The first link is talking about the HepB vaccine, which is different from the Hib. I have different issues with giving a newborn (who isn't at risk) a vaccine for an STD when there are known side effects to the vaccine. That's one vaccine I feel especially safe postponing until the child is bigger.

    Regardless, that first link (or the 3rd that mentioned the Hib vaccine) doesn't make me feel any better. Remember, my concern has to do with the overall effect of 25 vaccines (and more throughout childhood), not just the individual effect of one. In my mind, the reason kids are less likely to develop an AI disease or suffer from a vaccine reaction given at birth would be more likely due to the fact that their overall vaccine load is still low. And with the way I already feel about vaccines, pushing for a vaccine to be given at birth vs later just because of the small risk they'll develop T1D goes against everything my "mommy gut" is telling me.

    I hate to even type this out b/c I'm sure I'll get flamed-- but you can manipulate statistics to say what you what them to say. I'm sure both sides of the vaccine argument do it. However, studies like the one I posted originally give me more pause-- because when you are talking about cells and how the body responds to certain chemicals or stimuli, that's a lot different than saying "we did a study and we did/didn't find a correlation between the two." Not to say there isn't any value in a statistical study. I know there can be. I'm just saying...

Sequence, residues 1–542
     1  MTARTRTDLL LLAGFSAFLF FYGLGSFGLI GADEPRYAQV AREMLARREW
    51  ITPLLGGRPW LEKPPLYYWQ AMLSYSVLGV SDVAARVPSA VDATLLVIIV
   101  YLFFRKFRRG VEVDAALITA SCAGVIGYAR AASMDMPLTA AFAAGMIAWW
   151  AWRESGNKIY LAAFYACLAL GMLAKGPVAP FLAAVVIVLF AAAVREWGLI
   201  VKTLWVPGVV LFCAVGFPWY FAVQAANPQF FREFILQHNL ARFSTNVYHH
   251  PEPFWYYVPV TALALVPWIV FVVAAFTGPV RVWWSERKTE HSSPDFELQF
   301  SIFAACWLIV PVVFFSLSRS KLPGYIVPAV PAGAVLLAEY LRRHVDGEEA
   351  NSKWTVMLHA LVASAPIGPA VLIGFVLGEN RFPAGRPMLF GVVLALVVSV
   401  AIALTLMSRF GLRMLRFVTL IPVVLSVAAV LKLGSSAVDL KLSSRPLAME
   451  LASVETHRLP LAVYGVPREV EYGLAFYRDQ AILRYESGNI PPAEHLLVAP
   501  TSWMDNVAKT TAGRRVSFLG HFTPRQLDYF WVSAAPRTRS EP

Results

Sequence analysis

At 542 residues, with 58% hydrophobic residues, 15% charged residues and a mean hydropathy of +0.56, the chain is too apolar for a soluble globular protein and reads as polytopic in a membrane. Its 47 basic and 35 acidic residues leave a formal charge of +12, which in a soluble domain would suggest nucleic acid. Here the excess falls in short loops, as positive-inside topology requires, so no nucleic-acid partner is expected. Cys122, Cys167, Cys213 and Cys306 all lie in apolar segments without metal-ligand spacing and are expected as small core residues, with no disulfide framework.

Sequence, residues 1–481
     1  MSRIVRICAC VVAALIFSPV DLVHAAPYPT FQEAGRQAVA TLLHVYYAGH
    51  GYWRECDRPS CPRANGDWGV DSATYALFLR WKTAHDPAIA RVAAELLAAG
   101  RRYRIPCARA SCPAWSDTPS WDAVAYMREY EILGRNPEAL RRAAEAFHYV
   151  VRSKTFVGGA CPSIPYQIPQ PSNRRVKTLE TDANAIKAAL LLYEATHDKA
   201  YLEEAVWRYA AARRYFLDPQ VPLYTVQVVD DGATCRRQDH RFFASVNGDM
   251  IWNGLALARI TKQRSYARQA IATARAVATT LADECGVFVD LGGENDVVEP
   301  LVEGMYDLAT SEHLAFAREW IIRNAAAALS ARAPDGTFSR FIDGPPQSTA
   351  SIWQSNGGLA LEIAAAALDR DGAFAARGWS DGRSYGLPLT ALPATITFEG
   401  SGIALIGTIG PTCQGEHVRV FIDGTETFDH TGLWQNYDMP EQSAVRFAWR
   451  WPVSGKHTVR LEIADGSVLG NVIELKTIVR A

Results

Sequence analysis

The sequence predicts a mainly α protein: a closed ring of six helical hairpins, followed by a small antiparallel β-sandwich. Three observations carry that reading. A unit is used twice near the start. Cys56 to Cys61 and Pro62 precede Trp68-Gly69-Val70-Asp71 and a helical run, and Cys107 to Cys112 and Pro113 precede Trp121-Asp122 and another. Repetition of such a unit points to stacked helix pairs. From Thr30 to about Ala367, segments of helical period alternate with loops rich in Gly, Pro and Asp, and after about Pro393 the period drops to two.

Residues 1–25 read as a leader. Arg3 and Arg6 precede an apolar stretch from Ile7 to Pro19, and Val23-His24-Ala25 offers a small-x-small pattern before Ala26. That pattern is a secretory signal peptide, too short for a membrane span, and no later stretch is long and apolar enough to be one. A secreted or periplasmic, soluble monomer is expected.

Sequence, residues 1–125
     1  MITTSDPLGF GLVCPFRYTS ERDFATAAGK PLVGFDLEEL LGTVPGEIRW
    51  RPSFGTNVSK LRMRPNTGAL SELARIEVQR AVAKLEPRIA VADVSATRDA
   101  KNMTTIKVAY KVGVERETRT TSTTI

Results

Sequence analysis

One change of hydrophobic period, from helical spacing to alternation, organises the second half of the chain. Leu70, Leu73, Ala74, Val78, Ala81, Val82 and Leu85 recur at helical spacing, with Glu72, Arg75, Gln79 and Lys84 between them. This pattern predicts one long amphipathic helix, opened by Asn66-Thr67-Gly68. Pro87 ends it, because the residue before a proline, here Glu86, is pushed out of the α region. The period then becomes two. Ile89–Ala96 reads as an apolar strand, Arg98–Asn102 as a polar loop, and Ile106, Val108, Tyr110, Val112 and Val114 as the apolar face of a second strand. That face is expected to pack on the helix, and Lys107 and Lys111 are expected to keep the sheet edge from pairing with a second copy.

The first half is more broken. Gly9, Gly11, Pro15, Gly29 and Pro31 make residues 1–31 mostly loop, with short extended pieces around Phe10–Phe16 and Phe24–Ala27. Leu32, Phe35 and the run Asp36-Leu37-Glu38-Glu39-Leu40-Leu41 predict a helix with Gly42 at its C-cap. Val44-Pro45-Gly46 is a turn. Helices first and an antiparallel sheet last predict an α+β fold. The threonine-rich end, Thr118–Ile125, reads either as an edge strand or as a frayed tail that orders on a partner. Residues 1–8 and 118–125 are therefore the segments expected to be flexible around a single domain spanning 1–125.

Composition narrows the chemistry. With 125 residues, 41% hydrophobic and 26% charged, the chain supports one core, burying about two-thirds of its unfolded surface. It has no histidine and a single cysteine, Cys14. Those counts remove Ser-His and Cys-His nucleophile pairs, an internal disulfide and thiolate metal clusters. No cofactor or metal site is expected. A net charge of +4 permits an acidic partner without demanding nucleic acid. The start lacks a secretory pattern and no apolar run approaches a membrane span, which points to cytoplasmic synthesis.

9. Lee

    Lee Approved members

    Joined:
    Oct 5, 2006
    Messages:
    9,633
    I guess I don't understand why you keep seeking validation to your anti-vaccination opinion? I think Cookie Monster really did a good job breaking the original article down - this is not about vaccines.

    Luckily, we all have free will here in America at least. And we can choose to give all the vaccinations, some of them, or none of them. For me, I am a believer in spacing them out over giving them all at once. Ironically, the child that I did this with is the one the got Type 1...
     
  10. Christopher

    Christopher Approved members

    Joined:
    Nov 20, 2007
    Messages:
    6,771
    I agree with you that statistics can be manipulated/misinterpreted. However, even after all the intelligent, rational discussion on this thread showing that you have little to worry about you are still worried? I think some people just need things to worry about (I don't mean that in a bad way). But it seems like no matter what anyone says here you are going to worry. So I guess all I will say is good luck.
     
  11. sheeboo

    sheeboo Approved members

    Joined:
    Mar 10, 2012
    Messages:
    140
    It wasn't posted to help you feel better; it was posted to add to the objective conversation you stated you were hoping to have here.

    As I understand the hypothesis, it is not that the vaccine load is lower at birth (although clearly that is true too) which lessens the chances for the child to develop T1D, it is that something is carried over from the mother's own immunity still being present in the newborn that acts as a protectant during vaccinations. (Admittedly, I haven't re-read the articles I posted, so that may be coming from elsewhere.).